Seek Peace, Seek Changu, Nepal

Changu Village, located in the heart of Nepal just North East of Kathmandu, is known specifically for the ancient temple Changu Narayan, considered Nepal’s oldest temple.

The temple is a dedication to Lord Visnu, who is known as the supreme soul (paramatman), or supreme God (parameshwara).

Photo source: Nilliske |


The temple is old, but it’s been restored, like all ancient buildings must at one time be. Documents found within the temple during the Licchavi King Mandeva reign (~464 AD) prove that the site was established as a sacred center for the Hindu around the 3rd century AD. The building itself was restored to its current state around the 17th century, and is one of the finest examples of the pagoda architecture typical of the area with its metal and wood carvings throughout.

Photo source: Mountains of Travel Photos |


The legend goes that a cow herder, a Gwala, bought a cow from a Brahman that was supposed to produce a lot of milk. The Gwala took the cow out to pasture every day, and in the evening he would milk the cow, and after a few days he became very disappointed with the cow for it was hardly producing any milk! So,  upon consulting the Brahman they decided to monitor how the cow roamed in the woods and see if something funny was happening. Sure enough, as the two of them hid themselves, the cow would go and sit in the shade of a champak tree, and out from the tree a black boy would emerge and take all the milk. Enraged, the Gwala cut down the tree, but as he did this, human blood began to spill out of the tree. Devestated, both the Brahman and Gwala began to cry, but soon emerged Vishnu who explained to them that many years ago he also had committed a punishable sin by killing Shudarshan’s father unknowingly while hunting in the forest. He had been cursed to wander and ended up Changu where he survived only on the stolen milk of a cow. By cutting down the tree, the Gwala had actually freed Vishnu of his curse! After this, both the Brahman and Gwala worshipped Vishnu.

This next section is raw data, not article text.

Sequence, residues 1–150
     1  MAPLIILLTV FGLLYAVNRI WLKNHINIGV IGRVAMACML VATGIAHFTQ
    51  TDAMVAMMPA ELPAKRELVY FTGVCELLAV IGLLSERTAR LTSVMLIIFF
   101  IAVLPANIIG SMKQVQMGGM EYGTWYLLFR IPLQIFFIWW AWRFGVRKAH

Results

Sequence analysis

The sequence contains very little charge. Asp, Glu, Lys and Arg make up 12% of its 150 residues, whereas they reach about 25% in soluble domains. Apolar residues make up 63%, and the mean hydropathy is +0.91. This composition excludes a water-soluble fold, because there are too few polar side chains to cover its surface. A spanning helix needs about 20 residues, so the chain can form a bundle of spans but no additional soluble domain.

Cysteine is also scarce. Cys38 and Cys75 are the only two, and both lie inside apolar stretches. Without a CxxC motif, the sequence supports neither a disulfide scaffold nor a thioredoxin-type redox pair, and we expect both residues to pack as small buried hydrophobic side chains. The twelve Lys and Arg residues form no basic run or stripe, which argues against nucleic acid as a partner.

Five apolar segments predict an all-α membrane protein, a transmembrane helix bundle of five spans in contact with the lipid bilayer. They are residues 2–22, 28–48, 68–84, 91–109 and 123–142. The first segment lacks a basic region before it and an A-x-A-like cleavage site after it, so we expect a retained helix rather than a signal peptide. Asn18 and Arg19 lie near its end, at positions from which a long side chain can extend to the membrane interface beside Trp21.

There is actually still evidence of Brahman Sudashan in the temple.

Photo source: Lujaw Singh


Photo source: Szaza |


Photo source: Szaza |


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